“Sunday and the Dress Parade on the Venice Promenade: Oh Dear Me!”

Before Grace Kingsley was the film editor, she wrote human interest stories for the Los Angeles Times including one about the effects of a new ordinance forcing people to cover up their swim suits when they weren’t in the water at Venice Beach. The Board of Trustees had passed it just in time for the July 4th weekend in 1911. According to an earlier article in the Times, it was in response not to what women were wearing because “it has never been charged that any lady has shocked the pier by appearing in bathing skirts which did not reach the knees” but to the male nuisances:

It is said that the new ordinance is called forth especially to protect residents of Venice from the unpoetic view of numbers of male bathers sprawled in their inartistic short suits upon the sands too near the cement promenade which stretches its sunny mile between Venice and Ocean Park. The men’s suits are sleeveless, neck-less and practically legless. They are nothing more than trunks with chest protector attachment.

The F.B. Silverwood department store ran this ad the day after the ordinance passed.

Oh dear me indeed. Kingsley went to the beach on the Fourth of July to observe first-hand the “weird procession of sad bathers” and reported, “they looked like a bunch of masqueraders that had been left out all night.” Then she gave us some specifics:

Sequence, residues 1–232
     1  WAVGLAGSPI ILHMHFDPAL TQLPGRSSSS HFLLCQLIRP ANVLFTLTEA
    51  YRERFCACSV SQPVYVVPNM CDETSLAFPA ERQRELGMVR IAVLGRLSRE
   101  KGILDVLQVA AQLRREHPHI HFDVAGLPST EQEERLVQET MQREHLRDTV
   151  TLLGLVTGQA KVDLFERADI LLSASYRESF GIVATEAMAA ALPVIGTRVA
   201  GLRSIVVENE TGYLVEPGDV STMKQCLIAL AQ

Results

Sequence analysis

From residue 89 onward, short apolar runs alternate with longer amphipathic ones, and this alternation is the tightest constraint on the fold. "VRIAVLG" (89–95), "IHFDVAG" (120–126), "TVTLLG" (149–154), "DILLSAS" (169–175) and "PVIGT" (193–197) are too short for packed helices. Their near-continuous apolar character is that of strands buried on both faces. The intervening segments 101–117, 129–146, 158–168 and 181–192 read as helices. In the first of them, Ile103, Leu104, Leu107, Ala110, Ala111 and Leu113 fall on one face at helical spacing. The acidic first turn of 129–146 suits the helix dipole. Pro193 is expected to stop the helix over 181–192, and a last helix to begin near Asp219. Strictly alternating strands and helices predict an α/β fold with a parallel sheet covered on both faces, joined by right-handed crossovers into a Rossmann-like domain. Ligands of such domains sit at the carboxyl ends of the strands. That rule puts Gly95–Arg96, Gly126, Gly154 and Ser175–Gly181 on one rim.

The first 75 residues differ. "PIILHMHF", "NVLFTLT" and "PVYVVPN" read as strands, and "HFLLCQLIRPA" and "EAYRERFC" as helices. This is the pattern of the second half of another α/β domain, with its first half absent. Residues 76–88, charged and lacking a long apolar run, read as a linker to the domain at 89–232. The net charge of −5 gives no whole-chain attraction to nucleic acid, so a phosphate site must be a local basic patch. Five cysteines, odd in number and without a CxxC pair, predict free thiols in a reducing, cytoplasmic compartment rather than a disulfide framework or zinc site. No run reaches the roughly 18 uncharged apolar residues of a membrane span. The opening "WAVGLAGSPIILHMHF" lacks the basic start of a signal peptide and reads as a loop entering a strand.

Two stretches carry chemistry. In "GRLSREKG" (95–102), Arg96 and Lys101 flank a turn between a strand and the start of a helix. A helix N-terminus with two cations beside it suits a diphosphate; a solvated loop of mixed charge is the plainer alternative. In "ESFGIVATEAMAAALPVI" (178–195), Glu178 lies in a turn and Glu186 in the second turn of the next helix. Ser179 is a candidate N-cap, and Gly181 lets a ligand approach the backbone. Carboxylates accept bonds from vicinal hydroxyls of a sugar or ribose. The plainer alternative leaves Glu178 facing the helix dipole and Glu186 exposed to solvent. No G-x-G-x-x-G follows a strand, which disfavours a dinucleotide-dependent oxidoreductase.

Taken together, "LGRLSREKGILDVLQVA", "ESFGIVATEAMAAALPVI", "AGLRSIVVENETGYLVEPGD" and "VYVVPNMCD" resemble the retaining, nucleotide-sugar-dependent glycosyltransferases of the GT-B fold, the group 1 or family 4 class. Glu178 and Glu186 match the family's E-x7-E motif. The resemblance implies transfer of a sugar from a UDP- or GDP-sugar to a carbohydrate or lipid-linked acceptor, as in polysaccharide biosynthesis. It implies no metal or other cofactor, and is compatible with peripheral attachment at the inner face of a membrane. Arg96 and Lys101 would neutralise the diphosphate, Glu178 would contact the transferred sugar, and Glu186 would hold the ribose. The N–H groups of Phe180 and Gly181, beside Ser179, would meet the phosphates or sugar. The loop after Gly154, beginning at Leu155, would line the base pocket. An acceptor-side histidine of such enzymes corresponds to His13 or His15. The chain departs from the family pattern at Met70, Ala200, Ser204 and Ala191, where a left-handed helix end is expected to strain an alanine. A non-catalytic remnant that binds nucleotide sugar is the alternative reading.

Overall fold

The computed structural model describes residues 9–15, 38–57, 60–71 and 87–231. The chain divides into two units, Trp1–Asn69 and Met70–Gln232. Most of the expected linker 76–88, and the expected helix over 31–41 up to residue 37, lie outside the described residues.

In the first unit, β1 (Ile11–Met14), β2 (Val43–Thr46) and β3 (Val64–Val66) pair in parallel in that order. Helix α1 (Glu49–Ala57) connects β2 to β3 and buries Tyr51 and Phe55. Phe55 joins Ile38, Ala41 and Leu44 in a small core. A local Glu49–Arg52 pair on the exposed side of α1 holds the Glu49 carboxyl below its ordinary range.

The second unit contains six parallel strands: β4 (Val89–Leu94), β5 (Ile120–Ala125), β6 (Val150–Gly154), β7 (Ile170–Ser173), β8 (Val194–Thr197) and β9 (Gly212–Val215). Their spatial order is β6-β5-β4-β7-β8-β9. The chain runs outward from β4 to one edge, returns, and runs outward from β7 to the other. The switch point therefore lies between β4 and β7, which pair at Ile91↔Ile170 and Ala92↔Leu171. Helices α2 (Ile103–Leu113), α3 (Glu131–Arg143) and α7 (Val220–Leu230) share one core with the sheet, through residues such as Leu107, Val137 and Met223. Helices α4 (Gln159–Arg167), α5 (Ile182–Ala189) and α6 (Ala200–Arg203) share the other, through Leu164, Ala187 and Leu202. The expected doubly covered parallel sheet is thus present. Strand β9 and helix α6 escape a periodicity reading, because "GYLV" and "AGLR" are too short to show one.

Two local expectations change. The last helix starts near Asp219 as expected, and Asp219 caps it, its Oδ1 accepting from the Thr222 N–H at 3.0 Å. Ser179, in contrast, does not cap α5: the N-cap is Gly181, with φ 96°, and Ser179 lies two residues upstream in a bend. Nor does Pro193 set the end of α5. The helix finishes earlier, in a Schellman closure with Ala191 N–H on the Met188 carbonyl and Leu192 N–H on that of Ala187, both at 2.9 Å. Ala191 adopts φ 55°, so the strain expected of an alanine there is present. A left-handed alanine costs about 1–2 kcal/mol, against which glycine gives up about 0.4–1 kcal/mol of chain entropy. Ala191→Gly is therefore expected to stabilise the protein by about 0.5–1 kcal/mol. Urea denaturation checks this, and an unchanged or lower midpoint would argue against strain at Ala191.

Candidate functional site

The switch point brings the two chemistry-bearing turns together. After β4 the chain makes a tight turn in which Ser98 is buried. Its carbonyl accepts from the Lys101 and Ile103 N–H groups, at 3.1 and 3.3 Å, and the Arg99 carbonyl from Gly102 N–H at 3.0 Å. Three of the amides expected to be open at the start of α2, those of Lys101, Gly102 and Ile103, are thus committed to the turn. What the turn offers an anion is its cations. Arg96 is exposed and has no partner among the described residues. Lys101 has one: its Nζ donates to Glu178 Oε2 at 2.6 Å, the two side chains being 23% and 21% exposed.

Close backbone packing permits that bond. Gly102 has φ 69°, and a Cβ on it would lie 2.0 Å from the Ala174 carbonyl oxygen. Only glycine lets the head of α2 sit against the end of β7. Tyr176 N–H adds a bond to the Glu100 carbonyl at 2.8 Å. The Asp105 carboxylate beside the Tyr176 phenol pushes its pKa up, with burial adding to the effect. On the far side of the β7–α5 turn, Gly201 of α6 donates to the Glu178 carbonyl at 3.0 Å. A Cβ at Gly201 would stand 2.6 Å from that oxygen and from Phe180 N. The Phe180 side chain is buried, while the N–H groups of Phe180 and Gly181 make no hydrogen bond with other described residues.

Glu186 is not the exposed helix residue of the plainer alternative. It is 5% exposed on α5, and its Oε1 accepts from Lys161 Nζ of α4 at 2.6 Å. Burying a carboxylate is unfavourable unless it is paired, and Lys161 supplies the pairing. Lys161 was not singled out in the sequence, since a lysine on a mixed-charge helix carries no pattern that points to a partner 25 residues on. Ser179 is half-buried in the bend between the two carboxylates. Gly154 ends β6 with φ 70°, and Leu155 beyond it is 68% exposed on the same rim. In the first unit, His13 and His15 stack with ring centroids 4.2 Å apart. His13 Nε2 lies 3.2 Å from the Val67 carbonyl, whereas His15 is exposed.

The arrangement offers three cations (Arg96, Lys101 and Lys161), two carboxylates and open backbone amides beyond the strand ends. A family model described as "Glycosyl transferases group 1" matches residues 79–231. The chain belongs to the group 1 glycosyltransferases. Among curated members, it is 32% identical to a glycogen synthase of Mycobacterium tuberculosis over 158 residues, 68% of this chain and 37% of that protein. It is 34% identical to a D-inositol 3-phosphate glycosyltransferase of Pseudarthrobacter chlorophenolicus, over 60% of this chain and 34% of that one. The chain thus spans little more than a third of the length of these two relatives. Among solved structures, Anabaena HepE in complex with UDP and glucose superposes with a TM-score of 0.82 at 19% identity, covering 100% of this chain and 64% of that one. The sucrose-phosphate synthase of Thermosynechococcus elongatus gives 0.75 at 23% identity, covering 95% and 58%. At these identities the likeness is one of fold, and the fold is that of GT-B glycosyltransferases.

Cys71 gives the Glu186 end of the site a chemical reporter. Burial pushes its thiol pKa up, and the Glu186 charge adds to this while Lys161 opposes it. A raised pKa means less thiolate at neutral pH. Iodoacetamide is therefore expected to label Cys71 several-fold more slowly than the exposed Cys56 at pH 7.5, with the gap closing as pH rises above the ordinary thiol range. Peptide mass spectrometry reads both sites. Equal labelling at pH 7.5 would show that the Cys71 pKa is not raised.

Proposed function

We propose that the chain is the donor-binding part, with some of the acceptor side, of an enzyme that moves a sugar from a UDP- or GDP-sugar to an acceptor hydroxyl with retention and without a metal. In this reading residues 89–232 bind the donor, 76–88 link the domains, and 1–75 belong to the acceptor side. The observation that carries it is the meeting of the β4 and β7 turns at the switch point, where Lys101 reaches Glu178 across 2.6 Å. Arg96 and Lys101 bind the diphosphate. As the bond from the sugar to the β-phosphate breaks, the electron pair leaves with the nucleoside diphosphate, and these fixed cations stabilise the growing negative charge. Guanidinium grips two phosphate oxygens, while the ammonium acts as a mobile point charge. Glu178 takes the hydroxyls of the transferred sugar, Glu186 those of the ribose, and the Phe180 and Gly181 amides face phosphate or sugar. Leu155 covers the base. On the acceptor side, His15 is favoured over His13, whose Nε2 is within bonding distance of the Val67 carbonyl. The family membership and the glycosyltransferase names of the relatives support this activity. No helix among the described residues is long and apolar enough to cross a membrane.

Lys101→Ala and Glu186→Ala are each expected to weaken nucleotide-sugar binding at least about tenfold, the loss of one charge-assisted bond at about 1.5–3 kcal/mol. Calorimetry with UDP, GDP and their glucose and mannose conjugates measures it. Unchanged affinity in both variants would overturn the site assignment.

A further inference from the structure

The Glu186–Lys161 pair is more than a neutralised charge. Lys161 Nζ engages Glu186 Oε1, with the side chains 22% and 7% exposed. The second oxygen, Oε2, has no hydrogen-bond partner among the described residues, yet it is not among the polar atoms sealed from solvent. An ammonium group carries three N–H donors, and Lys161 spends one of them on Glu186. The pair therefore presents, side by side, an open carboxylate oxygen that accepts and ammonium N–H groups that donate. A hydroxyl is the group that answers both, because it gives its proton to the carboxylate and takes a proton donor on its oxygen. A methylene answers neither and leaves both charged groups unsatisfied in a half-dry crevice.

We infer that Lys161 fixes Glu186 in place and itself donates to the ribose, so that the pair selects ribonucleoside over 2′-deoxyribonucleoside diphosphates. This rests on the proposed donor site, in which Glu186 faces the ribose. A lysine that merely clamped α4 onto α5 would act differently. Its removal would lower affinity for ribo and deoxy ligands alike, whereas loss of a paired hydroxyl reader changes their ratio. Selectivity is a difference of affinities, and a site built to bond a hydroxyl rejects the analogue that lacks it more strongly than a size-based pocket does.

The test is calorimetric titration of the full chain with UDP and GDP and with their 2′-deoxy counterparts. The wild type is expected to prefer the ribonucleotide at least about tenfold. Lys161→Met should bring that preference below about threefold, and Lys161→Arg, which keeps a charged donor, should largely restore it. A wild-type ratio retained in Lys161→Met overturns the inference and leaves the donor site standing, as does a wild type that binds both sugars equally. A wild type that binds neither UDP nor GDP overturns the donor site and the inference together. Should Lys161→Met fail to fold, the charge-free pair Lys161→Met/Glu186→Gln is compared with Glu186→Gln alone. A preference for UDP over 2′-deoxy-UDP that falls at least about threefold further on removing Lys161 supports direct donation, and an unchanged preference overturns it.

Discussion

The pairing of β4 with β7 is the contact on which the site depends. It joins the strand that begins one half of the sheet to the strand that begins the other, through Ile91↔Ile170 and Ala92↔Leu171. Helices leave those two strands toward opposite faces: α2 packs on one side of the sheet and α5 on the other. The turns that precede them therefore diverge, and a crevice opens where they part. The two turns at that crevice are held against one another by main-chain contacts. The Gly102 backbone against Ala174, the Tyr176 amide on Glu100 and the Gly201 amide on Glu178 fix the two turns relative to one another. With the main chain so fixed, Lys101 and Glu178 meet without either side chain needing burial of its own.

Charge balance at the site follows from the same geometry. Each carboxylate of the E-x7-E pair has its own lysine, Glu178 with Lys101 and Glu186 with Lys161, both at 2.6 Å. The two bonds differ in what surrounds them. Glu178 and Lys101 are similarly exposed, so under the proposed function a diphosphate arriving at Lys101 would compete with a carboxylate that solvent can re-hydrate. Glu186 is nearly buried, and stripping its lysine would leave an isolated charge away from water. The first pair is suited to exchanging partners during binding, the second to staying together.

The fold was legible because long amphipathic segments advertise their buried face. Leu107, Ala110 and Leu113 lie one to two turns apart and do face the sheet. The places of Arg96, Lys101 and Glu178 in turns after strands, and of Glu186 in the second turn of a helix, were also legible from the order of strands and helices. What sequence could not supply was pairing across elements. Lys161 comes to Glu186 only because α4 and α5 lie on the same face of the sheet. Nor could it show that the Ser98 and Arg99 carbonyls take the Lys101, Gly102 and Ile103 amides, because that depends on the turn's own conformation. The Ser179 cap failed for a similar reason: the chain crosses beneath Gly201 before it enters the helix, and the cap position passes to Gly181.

• A chubby party of about 50—a well-known wholesale grocer, by the way—got a cute effect from his wife’s pink kimono garnished with baby ribbons.
  • And who is this cowled and robed person? A priest or doge of old Venice? Nay, nay. He’s a fat real estate broker in that domino suit he wore to his wife’s party last spring.
  • Here are some fashion hints, however. Really fat gentlemen should avoid red and white checked tablecloth effects. I saw one such. He should have used the sumptuous striped portieres, instead.
  • A little spider of a girl primly divested herself of a red sweater that came to her waist, and dipped her toes in the briny.
  • There seems to be some doubt as to what the law intended to cover, for one lady came out with a bath-towel fig leaf, and a man appeared in a huge bathrobe, high boots and only his eyes showing, while a gentleman of noble bearing, well known in City Hall circles, swung nobly down to the twenty-five foot limit with his bathrobe draped over his shoulder like a Roman toga!

However, as Kingsley noted, nobody measured the twenty-five foot limit or particularly bothered to enforce the law. This was Venice, after all, not some old-fashioned place. Eventually, everybody just forgot about it. The next year, the L.A. Herald reported on some civic-minded ladies who rounded up Venice bathers to go vote in a school trustee election (women had gotten the right to vote in California in 1911) and they ran a photo of two voters in swimwear, unencumbered by cover-ups, hopping into a car to visit their polling place.

Mr. and Mrs. G.M. Nichols, leaving the beach to vote.

In June 1912, the Board had given up on cover-ups and passed an ordinance on the length of swimwear (14 inches below the waist for women, knee-length for men)– but that’s a story for another day.

Venice Beach, 2016 — no bath-robes, but the same sand, sun and surf

Happy Fourth of July!

Sources: Los Angeles Herald, June 13, 1911; April 6, 1912. Los Angeles Times, June 19, 1911; June 20, 1911; July 5, 1911; June 26, 1912.

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